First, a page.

How It All Began

     A Bell 47 (bubble chopper) hovering over the crowd with a TV cameraman at "Jumpin Jacks" riverside drive-in got me hooked.  Jumpin Jacks was the hang out in my upstate New York town and they had the perfect location between the big City Park and the Mohawk River.  They were having the first ever "professional" water ski competition in the area and it was the place to be.  I was a sophomore in high school and I was there to see the skiers and the girls.
    When that chopper came down and hovered over the far end of the crowd and stayed perfectly still for so long so the cameraman could get his footage I just watched in amazement.  Soon the crowd's attention went back to the skiers except for one person, me.  I quickly made my way over to the area near the chopper and just watched.  That's what I wanted to do, fly choppers like that guy.
    School was always a problem with me.  I was the oldest of 6 kids and had somewhat of a language problem from the git-go.  Until I was five I was being raised in the Polish section of Schenectady listening to Polish all day on the side while everyone tried to speak English in my presents including my Swiss born mother who only knew French and had to learn English here as well.  Mom was a war bride.  When I was 5 we moved across the river to the town of Scotia where new homes were going up all over the place.  I was one of the first of the baby boomers.
    Though nobody in our new neighborhood spoke Polish or French except for Mom and Dad the damage had apparently already been done and I was put in the 3rd (last) reading group in grade school.  Though one of the neighbors tutored me in reading it finally caught up to me in the 4th grade when I had to repeat it.  I was always the day dreamer and was told so by many a teacher.  Class would be going on and I would be looking out the window thinking about hunting or fishing.  I guess I had settled in to being one of the dummies of the class.
    I want to say something about Polish people here so you can get a better perspective of things.  As I understand it the Polish language is almost the exact opposite of the English language.  Because of that the early Polish people that came over to America were the last to adapt to the language and were labeled "dummies" because of such.  Now the good LORD always seems to compensate folks for the things he lays on them and the compensation for the Polish people seemed to be an extra dose of common sense.  If there is an easier way of doing just about anything chances are the Polish person in the group would find it first.  So much for being Polish.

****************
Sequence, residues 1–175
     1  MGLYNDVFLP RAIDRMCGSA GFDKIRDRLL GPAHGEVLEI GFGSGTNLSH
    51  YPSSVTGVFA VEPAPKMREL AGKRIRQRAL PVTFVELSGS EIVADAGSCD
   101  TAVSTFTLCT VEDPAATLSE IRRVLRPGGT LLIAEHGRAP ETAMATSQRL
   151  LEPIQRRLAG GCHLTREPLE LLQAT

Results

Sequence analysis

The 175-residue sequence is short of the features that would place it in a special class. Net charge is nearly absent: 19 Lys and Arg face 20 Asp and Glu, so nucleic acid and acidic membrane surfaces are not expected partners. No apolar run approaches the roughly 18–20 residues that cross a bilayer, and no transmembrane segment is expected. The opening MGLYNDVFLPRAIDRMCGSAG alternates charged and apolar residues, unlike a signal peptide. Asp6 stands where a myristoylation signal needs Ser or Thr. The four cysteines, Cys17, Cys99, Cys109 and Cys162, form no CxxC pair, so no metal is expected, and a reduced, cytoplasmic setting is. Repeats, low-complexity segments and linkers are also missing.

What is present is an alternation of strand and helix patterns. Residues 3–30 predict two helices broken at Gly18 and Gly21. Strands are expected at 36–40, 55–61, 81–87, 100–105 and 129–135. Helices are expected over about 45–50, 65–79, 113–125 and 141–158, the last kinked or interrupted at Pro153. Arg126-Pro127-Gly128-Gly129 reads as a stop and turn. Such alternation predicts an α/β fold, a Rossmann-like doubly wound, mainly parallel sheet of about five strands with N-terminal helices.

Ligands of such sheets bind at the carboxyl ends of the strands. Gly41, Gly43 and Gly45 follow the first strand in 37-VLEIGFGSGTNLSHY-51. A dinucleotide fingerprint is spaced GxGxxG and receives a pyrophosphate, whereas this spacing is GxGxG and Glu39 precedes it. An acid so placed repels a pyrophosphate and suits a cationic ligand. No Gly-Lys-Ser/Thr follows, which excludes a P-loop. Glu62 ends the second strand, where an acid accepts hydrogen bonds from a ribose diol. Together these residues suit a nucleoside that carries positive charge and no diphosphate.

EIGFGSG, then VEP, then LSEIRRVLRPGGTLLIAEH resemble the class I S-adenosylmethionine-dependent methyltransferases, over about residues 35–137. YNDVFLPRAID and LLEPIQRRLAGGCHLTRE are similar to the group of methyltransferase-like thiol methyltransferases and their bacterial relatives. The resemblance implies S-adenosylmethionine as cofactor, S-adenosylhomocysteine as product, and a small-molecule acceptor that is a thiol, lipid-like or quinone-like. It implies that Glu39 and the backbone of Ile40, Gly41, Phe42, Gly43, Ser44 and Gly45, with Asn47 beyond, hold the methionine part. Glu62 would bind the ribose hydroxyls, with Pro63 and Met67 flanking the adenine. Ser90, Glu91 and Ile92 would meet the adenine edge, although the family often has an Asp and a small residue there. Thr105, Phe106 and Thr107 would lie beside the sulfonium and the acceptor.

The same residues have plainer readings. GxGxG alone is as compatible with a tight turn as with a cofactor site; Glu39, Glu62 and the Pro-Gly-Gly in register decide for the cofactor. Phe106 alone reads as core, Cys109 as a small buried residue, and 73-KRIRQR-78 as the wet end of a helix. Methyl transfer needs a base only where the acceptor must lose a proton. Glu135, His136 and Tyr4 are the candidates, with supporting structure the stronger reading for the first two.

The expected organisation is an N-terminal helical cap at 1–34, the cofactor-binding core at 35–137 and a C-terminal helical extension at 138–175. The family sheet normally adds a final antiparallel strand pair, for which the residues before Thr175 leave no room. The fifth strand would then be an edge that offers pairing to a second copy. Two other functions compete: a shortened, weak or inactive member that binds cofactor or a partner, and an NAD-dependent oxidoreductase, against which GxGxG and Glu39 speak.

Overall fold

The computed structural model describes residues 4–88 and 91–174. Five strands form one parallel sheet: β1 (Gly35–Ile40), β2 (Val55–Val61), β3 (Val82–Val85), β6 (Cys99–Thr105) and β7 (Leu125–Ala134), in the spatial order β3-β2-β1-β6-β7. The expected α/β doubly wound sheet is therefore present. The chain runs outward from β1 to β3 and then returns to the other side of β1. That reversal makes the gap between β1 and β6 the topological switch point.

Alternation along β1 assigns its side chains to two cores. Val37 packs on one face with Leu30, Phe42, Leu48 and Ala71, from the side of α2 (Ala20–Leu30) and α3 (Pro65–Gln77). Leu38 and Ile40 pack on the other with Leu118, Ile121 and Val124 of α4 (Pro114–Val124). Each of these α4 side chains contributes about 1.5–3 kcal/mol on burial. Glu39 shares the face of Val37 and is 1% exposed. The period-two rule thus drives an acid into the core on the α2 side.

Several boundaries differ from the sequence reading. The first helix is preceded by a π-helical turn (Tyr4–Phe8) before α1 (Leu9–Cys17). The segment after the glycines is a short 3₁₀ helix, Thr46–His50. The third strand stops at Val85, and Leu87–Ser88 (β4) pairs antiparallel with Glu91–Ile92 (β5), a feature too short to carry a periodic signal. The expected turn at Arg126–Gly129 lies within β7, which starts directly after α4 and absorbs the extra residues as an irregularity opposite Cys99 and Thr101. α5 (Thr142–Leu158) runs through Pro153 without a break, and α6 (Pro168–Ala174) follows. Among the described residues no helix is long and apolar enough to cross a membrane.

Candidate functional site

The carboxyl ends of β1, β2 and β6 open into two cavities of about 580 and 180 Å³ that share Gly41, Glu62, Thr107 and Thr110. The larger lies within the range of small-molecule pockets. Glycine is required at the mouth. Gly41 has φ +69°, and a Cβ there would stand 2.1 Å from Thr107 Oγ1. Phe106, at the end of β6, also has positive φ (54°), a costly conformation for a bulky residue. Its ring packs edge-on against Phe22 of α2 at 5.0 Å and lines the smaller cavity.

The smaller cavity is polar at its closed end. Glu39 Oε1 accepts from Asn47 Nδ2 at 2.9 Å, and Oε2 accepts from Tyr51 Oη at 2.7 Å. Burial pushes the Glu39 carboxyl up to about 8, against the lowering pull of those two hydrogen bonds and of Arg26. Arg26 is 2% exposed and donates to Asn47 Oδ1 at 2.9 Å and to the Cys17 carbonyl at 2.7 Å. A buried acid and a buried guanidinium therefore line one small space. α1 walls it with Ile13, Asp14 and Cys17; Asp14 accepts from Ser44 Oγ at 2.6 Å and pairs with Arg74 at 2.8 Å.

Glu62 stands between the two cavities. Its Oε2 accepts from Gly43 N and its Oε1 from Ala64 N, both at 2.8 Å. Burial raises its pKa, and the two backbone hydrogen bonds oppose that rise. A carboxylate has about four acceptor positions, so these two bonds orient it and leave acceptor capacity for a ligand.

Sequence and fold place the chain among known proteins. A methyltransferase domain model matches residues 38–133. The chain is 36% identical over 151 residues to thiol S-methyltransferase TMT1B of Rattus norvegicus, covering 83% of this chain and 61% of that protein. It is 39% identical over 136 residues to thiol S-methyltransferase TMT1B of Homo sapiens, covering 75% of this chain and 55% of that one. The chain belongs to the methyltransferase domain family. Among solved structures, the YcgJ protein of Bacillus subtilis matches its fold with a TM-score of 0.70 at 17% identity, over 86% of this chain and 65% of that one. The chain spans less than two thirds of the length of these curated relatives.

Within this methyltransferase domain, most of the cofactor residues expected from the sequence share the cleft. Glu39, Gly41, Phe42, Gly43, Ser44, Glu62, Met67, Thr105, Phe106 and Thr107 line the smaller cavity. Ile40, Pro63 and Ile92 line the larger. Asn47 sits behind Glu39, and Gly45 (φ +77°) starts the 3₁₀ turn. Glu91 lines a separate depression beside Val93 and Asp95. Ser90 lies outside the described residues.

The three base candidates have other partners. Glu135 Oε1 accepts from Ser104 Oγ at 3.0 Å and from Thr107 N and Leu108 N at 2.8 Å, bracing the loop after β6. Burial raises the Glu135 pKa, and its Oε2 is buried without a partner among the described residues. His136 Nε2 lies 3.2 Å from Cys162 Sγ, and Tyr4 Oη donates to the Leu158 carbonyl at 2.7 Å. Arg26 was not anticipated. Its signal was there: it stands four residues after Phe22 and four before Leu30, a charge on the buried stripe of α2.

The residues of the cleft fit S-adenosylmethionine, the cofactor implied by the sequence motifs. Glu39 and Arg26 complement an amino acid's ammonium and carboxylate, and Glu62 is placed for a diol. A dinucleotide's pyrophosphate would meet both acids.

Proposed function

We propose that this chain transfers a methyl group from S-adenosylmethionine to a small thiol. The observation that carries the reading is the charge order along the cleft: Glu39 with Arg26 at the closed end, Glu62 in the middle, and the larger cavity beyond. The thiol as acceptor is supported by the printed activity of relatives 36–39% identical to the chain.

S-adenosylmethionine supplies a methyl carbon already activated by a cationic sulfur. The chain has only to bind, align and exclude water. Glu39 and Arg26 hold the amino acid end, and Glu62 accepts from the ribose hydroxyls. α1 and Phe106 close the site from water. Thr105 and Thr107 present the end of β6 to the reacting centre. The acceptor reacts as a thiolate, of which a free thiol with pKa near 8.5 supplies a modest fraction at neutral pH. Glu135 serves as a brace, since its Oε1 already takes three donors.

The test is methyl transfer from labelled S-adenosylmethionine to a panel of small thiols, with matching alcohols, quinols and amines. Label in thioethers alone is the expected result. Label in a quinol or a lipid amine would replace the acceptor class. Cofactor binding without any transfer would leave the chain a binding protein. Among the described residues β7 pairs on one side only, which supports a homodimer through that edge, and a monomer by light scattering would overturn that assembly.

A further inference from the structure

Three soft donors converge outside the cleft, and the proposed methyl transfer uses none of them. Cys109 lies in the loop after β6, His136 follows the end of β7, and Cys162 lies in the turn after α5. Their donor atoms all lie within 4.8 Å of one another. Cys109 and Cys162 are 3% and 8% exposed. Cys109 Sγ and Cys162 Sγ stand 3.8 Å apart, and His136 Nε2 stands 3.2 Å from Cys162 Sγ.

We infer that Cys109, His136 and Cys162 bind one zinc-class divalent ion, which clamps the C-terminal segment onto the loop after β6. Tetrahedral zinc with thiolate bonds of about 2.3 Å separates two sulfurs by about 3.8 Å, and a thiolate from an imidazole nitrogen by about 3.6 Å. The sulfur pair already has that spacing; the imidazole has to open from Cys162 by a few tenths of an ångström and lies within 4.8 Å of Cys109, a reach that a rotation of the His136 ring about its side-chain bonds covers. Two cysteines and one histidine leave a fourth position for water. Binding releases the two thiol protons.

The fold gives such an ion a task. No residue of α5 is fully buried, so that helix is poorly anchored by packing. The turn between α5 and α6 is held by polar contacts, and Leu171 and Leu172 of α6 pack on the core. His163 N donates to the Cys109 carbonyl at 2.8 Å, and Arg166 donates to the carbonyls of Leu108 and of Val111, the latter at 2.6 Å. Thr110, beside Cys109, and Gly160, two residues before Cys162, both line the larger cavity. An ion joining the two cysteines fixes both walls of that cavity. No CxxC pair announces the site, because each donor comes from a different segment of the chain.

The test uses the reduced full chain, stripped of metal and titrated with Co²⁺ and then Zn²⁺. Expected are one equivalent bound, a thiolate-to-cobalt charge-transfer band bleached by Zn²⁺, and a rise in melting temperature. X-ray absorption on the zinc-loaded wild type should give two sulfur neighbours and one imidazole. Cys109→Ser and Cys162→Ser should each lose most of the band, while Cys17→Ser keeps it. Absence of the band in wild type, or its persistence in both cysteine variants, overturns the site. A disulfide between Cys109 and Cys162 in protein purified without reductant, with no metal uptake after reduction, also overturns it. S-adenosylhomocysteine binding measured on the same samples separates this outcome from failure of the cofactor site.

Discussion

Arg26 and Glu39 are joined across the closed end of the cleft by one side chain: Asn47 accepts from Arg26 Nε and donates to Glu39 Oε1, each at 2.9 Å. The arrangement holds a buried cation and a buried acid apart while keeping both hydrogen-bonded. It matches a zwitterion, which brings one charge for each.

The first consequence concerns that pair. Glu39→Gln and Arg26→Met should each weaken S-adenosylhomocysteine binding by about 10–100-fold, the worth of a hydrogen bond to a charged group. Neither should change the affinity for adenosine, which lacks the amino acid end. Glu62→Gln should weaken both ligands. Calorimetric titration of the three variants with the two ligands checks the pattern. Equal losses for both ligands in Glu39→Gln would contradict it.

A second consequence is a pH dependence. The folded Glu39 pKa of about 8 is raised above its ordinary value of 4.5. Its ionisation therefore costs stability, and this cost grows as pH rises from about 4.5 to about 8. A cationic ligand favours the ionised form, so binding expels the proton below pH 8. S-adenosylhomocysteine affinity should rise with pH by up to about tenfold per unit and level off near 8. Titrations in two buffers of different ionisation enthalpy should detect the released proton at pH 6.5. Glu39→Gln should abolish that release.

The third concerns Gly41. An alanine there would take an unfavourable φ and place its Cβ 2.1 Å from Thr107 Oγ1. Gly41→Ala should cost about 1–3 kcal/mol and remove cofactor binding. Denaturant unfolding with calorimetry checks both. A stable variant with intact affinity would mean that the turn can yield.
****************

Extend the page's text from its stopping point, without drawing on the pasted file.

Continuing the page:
By the time I got in high school Dad had just about given up on me school wise.  My 5 brothers and sisters were all doing well in school and did that ever put the pressure on me.  I had one redeeming quality thought and that was fact that I was a champion wrestler.  Because of my size (110 lbs.) I didn't dare go out for football, they would cream me.  If you didn't go out for football you were a no-body so I went out for wrestling and was good at it.  In my sophomore year I was undefeated in dual meets.  In my Jr. year I couldn't make weight and didn't want to knock my friend out of his slot just above me.  In my senior year my record was 22-2 (124 lbs.) with both losses to the same guy who knocked me out of the state finals.  He went on to take 3rd I believe, so I had to be content with being in the top 16 of the state.  I was the very first in our school to get offered a wrestling scholarship and it was to Cornell University.  I didn't take it though because I knew I would flunk out and Dad, being a factory worker, didn't have much money and there were 5 much smarter brothers and sisters right behind me that were college material.
    Scotia was a fine place to grow up and was considered a middle-class area.  Most of the class took the "regents" course in high school that was required for college at that time.  I also took it but barely passed the English course.  Early in my senior year talk started about what college who was going to where.  Viet Nam was big news and they were always showing helicopters carrying the troops around.  So I made my way to Schenectady (about 3 miles away) and made the rounds of the recruiters there.
    I was pretty naive back then and thought the "Army" was all the services combined.  I went to the Air Force guy first and he said "no college, no flight school".  The Navy guy said the same thing and sent me to the Marine recruiter.  He said the same thing and suggested I try the Army.   He then got me straight on just who the Army was and told me they were going through a lot of chopper pilots and might have lower requirements.  So I went to the Army recruiter.
    The Army recruiter took a lot of time with me and explained that college was not a requirement but if I really was interested I would have to go to Albany (the state capital) and take a lot of tests.  Damn, Albany, I had never been further than Schenectady by myself and going all the way to Albany was the same as going to some foreign country.  He then told me there was another guy that was interested in becoming a chopper pilot and that we would be going together.  They would supply the bus tickets, a map showing us where to go, lunch, and a ticket back.   Since the testing was to be on a Saturday I could sneak out for the day and do it so I agreed.